Tags: hyman | recession | economy

Next Recession Will Be One of the Roughest of All

By    |   Monday, 05 Sep 2011 02:28 AM

You hear a lot said about the last recession. Some say that it was the worst recession that we’ve had since the Great Depression.

Certainly the depth of that recession was among the worst and the length of it was one of the worst as well. GDP stayed negative for 1 ½ years. It wasn’t pretty.

But the one that is coming in 2012 is going to be very rough too. Here’s why.
_______________________________________________________

Editor’s Note:
Join the 3.5% of Americans who are truly wealthy and financially secure.
_______________________________________________________
 
At the start of the last recession, unemployment was arguably in the 4.5 - 5.5 percent range. Today it stands at 9.1 percent…not a great starting point for the next recession.

In fact, if you look at most of the countries that have riots in the streets right now, one of the things they have in common is 11-13 percent unemployment rates.

Well if we start the next recession at 9.1 percent, it wouldn’t take much for it to climb above the 11 percent mark. It could cause rioting in the streets like we’ve seen in so many places in the world. We’re certainly not immune to it.

But it’s not just the unemployment issue that’s bad (although that’s got to be the worst part of it.) It’s also the fact that the Federal Reserve shot all of its “interest rate bullets” in the last recession to no avail.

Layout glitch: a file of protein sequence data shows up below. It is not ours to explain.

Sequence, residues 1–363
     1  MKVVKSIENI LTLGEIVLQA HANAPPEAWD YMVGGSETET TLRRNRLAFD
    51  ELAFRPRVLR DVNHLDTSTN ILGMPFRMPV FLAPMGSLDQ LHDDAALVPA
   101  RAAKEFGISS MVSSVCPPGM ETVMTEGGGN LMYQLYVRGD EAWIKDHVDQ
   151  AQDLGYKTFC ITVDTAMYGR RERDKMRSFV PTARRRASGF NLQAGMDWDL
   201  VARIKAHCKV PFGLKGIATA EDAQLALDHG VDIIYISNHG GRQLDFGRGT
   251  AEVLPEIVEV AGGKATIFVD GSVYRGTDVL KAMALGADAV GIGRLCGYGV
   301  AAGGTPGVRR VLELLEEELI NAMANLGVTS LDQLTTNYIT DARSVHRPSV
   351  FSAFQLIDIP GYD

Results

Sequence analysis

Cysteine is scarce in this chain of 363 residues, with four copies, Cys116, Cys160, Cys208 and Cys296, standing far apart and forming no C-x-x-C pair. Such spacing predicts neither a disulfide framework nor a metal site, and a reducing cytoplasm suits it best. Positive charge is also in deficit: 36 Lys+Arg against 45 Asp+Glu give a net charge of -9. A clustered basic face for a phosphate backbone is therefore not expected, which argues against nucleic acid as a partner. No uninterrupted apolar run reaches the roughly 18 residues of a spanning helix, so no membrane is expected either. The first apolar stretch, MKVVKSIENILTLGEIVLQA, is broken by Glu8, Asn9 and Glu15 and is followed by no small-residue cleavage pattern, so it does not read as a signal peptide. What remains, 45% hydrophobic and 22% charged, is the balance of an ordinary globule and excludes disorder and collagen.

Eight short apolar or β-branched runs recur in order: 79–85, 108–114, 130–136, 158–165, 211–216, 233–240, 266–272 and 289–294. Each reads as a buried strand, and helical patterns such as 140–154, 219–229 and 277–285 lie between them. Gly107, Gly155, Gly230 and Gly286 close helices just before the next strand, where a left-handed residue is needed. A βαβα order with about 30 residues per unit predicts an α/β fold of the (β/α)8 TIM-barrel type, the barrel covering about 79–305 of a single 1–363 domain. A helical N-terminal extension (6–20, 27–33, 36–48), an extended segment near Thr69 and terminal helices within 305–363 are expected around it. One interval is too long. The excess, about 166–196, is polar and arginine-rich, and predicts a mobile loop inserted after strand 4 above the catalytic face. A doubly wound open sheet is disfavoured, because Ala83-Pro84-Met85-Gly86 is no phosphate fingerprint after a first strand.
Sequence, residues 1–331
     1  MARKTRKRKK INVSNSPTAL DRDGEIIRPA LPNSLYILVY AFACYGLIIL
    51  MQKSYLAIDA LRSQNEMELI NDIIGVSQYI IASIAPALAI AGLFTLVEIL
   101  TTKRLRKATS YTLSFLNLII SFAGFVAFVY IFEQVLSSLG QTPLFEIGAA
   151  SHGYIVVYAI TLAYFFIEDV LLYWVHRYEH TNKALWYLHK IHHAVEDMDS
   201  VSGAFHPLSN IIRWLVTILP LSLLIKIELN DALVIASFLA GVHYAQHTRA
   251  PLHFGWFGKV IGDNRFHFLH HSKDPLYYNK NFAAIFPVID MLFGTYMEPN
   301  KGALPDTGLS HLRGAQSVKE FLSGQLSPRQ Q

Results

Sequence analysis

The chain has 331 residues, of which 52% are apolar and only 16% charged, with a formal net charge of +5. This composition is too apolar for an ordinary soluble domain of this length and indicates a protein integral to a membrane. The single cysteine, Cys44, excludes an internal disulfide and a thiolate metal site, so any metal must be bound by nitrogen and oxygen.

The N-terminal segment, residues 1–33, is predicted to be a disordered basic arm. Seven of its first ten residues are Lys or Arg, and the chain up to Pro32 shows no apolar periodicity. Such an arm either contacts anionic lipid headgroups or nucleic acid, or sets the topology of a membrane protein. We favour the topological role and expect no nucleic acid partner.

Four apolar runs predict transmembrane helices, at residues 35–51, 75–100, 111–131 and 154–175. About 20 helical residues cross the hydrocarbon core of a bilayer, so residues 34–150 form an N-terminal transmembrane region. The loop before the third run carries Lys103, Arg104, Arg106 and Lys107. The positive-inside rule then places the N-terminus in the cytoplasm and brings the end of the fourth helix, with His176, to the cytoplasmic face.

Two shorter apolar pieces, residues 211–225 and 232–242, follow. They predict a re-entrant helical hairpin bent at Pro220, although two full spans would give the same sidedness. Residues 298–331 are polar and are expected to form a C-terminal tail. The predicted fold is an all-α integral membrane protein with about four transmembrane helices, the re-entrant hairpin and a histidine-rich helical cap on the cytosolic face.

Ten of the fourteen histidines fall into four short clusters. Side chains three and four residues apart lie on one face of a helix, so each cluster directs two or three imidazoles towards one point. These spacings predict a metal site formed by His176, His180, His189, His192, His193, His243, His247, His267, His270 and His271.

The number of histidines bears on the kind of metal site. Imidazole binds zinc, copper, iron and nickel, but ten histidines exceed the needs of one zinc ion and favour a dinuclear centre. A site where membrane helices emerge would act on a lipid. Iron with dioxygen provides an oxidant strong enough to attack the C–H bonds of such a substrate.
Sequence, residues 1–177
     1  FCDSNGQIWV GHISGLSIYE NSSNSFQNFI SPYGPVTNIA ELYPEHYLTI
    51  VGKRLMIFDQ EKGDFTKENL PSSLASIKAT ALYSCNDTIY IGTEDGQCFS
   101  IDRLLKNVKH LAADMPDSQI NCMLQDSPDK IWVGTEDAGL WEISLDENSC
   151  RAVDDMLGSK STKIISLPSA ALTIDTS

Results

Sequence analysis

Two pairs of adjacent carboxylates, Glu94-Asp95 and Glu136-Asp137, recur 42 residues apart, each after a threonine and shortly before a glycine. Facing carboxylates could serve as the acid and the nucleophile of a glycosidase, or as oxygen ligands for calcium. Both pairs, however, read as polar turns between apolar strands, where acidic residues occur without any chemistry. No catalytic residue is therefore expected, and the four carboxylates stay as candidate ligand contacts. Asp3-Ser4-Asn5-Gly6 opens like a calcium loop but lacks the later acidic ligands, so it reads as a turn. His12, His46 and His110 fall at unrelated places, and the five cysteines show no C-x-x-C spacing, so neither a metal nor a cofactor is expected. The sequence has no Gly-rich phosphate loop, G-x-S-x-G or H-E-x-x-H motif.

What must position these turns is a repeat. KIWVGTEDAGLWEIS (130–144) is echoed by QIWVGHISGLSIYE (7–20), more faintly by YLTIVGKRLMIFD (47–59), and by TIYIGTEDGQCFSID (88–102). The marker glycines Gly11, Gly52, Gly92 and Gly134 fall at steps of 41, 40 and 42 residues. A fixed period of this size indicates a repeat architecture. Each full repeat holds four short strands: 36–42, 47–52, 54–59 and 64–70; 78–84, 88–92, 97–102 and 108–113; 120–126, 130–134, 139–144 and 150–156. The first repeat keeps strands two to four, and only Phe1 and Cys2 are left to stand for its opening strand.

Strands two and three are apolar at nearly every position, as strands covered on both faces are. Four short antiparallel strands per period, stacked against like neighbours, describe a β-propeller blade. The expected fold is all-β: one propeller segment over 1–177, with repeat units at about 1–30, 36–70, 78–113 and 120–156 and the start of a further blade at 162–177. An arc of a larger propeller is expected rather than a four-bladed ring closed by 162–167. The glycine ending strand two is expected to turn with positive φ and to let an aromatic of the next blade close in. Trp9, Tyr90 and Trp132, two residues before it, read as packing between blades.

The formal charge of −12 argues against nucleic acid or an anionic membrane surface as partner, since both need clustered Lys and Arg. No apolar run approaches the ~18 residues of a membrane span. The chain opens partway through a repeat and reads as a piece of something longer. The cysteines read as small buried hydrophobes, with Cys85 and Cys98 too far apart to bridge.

As the last recession was about to begin, U.S. interest rates were just above 5 percent. Today they stand within a range of 0 percent to 0.25 percent. So they are essentially out of ammo in their most common recession fighting tool.

This means that they’ll have to invent a new “recession fighting gun”. Will that come through another round of ineffective Quantitative Easing? It may. But surely everyone realizes by now if the last two rounds didn’t turn things around that a third round is going to be just as futile.

Here’s another tough spot for the Federal Reserve.

The last time we were in a global recession, the U.S. led the world downward. However, this time, Europe is leading the charge downward. Many of the smaller countries have sputtered out already really but the big one is coming…Germany.

The German economy is slowing down considerably and their exports are slowing down all the more lately too. (The German economy grew at 0.1 percent in the 2nd quarter). This is a recipe for disaster. It won’t take long before that is fully realized.

Additionally, last week we got further confirmation that the Eurozone’s manufacturing has now had two negative readings.

I believe that all of this is one reason why European stocks have already been hit harder than U.S. stocks. In fact, I believe they are showing where U.S. stocks are heading.

However, here’s the deal with all of that. The Fed has more of a direct influence when the U.S. is catalyst for the global recession. However, with Europe leading the charge downward, they are a bit more “held hostage” to what the ECB and European governmental officials decide to do about all of it.